Band Fan: Gaining a Whole New Perspective
Help the Marching Vikings
Going to high school football games for me always meant two halves of action, split by a halftime, when going to the concession stand, chatting to other fans or the bathroom was uppermost in my mind.
Usually, a band playing during that halftime, with color guards swirling, as a background to the milling crowd that had much the same idea as me: food, bathroom and talk.
But I discovered different when I started going to Union Pines High School games. Fans actually kept their attention on the field - a field pulsating with percussion, brass and pageantry The Marching Vikings could put on a show.
They still do.
But there were two things I never realized about the Marching Vikings, or any other high school band for that matter: one, how much effort and practice a band engaged in, and, two, Friday night was just a prelude to what really drove the band members - participating in Saturday night competitions.
I can remember David Seiberling, the former longtime Union Pines band director, encouraging me to come watch the Viking Classic, a Saturday night competition that featured bands from around the state lumbering all their gear to Woodrow Wilhoit Stadium for a daylong competition.
It was the first time I had ever heard of such a thing: a competition for bands. Call me uninformed, but I never really had much exposure to what a high school band program was all about. I thought they just went out on Friday night to play at halftime of a football game and participate in a few local parades.
Now, I've got a son who plays for the Marching Vikings and, believe me, I've learned what is involved in being a member of a band.
Admittedly, I haven't been involved in the behind-the-scene workings, the long hours that not only the band, but also a large cadre of volunteers - mostly parents - dedicate to the program. Those parents deserve a big thank you from the Union Pines community. They are the unseen backbone of the band.
And the time the band members put in is unbelievable. Let's just say a band, like rust, never sleeps. And it's to avoid that rust that the band puts in the hours it does.
Summertime, and the living isn't easy for band members. They practice in the heat for hours at a time. They go to band camp, where they are immersed in practice 10 hours a day. When school starts, they are out there practicing after school for several hours at least three times a week.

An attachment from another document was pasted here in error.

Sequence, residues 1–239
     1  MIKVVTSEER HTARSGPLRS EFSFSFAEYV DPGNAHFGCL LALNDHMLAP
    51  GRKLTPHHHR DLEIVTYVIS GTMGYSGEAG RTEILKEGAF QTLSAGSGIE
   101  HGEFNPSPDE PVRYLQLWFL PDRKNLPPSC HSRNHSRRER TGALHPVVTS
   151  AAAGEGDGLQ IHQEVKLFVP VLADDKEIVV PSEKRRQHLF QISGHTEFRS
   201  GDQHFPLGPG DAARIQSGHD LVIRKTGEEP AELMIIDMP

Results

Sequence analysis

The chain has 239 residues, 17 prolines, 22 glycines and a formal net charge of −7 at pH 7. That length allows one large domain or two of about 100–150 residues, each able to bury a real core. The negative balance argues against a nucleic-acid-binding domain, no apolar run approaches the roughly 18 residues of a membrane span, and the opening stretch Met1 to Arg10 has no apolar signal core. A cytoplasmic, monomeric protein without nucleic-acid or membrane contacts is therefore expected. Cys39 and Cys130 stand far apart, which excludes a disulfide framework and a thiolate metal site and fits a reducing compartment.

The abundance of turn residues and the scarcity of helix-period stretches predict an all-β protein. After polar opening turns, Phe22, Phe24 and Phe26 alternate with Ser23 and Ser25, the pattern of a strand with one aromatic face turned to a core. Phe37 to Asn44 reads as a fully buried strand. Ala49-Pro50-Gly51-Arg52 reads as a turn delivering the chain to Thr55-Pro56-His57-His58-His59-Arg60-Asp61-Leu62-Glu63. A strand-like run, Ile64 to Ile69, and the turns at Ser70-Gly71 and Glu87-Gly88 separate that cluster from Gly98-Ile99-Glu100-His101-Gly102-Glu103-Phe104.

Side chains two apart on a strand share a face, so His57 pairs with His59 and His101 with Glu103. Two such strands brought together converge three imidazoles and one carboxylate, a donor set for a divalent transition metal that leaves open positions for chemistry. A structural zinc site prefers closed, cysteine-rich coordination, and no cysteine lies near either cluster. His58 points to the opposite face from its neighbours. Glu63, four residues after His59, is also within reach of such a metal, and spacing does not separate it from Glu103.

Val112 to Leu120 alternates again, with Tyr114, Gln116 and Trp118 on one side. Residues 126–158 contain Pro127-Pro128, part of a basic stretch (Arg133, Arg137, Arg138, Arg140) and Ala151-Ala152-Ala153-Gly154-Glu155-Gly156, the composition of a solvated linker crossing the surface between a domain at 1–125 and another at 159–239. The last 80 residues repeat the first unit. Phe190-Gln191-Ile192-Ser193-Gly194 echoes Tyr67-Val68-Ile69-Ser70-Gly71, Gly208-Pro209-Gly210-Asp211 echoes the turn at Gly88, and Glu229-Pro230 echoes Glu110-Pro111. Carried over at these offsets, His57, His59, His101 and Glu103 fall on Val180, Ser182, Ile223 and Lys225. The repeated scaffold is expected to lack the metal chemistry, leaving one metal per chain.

And the pride that is built up by that dedication, and the friendships made, are something that can't be overlooked. There are 140-plus members of the band, which equals more than 11 percent of the student body at Union Pines. They are there because they want to be, and they are there to be the best they can be.
They've already proven their mettle in the early-going of band competition.
In both the Pinecrest Band Fest and the Western Harnett Screaming Eagles Classic, the band claimed the top honor offered at both events: Grand Champion, meaning they achieved the highest score of any band participating.
I'd be remiss not to mention that the Pinecrest and North Moore bands also participated in these events and also did their respective schools proud.
There is more to come for the Viking band, both under the Friday night lights at home football games and in Saturday competitions.
I would encourage any one who has never seen a band competition to circle Oct. 23 the calendar. That is the Saturday when the band will be the host for the Viking Classic, which is one of the band's biggest fundraisers of the year.
As I've said before, I never attended one of these events until my son started playing with the Marching Vikings, but do I get a kick out of it now. It really is a spectacle. And judging by the large crowds that fill the stands at these events, I'm not alone in enjoying the show.
Anywhere from 12 to 22 bands from across the state will be at the events, and all take the field to present their program, with twists and turns and props all lending to the entertainment.
Then there is the music itself, and the multitasking these performers engage in. Just think, not only are they playing musical instruments or twirling flags, but also they are doing this while marching intricate patterns across the green expanse of the field.
Although I've talked a lot about the Marching Vikings, I also have to admit that it has changed my whole outlook toward halftime at football games. No longer do I think about concessions and bathrooms, or chatting with other fans. Now, I turn my gaze back to the field and watch the band, no matter what game I'm attending.
Those performers out there deserve the utmost respect and recognition. They've earned it.
Contact Hunter Chase at email@example.com.
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